Strontium and barium

Strontium and barium resemble calcium very much. These also are reactive metals, which react with water, forming hydrogen and the metal hydroxide. They are more reactive than calcium and hence, they keep even worse than calcium. The metals are not interesting for the home chemist.

These metals only exist in the +2 oxidation state in their compounds. The Sr2+ and Ba2+ ions are colorless. Compounds of strontium and barium are white or colorless/transparent, as long as the anion is colorless.

The solution chemistry of strontium and barium also resembles that of calcium very much. The solubility of sulfates and carbonates decreases gradually when going from Ca to Ba, the solubility of hydroxides increases gradually when going from Ca to Ba.

From pottery and ceramics suppliers both strontium carbonate and barium carbonate are available. These can be used as the basis for preparing other strontium salts and barium salts. The carbonates from pottery suppliers usually contain a small amount of sulfide as an impurity.

The use of strontium salts and barium salts is limited in aqueous chemistry. They have no extensive redox chemistry and only a limited coordination chemistry. They, however, form precipitates with quite some anions. Soluble salts of strontium or barium can be used for detecting sulfate. Especially barium sulfate is highly insoluble, even in strongly acidic media. Barium sulfite is soluble in acidic media, allowing the purity of sulfite and metabisulfite to be tested. If a solution of e.g. sodium sulfite, acidified with hydrochloric acid, does not form a cloudy liquid with a clear solution of a barium salt, then one can conclude that the sulfite is not (yet) oxidized to sulfate to any considerable extent.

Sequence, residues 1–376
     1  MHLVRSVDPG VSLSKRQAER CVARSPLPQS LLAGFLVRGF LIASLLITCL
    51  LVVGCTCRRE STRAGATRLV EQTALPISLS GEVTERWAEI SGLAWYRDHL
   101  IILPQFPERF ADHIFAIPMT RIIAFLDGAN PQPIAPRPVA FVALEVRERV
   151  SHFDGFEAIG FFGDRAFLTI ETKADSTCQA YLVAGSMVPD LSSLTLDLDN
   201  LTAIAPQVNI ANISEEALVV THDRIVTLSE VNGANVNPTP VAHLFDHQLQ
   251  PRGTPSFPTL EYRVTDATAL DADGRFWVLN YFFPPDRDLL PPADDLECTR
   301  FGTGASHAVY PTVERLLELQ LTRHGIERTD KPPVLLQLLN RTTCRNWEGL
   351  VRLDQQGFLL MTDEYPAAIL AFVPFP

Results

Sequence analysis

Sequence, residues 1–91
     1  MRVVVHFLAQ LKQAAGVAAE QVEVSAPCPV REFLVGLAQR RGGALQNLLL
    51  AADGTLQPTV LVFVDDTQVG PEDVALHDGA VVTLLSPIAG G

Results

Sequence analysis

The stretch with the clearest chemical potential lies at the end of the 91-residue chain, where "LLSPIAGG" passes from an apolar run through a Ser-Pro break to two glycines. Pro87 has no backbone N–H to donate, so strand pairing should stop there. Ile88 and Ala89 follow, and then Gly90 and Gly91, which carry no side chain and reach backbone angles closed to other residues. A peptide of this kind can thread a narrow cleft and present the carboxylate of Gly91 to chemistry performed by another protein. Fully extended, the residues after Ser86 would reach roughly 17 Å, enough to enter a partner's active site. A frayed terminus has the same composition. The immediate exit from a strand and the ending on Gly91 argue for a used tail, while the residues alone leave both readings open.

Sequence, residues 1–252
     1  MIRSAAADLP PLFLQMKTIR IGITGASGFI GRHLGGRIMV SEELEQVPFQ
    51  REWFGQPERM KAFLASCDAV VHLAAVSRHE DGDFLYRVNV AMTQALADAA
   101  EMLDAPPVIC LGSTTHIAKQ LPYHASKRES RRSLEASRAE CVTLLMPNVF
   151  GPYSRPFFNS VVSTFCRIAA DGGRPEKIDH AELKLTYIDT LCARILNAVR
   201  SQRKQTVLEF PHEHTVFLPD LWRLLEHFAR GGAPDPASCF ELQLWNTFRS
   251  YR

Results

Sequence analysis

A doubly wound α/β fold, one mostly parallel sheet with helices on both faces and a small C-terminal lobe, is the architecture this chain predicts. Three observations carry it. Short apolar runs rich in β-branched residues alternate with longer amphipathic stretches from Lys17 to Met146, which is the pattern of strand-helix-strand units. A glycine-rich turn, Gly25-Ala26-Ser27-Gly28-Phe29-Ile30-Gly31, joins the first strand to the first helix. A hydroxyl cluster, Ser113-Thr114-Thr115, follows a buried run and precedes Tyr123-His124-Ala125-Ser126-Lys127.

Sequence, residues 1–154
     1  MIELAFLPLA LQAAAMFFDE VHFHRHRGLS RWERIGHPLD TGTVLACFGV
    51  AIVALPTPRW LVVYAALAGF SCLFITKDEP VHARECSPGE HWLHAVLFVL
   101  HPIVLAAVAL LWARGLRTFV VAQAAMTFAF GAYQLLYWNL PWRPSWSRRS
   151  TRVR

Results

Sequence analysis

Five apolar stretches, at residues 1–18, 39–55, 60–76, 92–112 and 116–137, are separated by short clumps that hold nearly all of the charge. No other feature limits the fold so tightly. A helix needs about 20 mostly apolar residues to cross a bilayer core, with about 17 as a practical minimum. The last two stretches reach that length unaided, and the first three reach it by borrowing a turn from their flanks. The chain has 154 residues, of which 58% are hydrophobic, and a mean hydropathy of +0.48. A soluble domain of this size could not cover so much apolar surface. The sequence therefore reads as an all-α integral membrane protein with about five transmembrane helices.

In dry-chemistry experiments, barium carbonate and strontium carbonate can be interesting. Barium salts give a grey/green color of the flame and strontium salts give a bright red color of the flame. When the carbonates from pottery and ceramics supplies are used, then it is wise not to store premixed powders, because of the sulfide impurity. This may strongly sensitize mixtures, especially with chlorates.


Barium compounds are quite toxic. Be careful not to get in contact with barium chemicals. Especially when fine powders are used, be sure not to inhale any barium-containing dust!

Strontium and its compounds are not particularly toxic.




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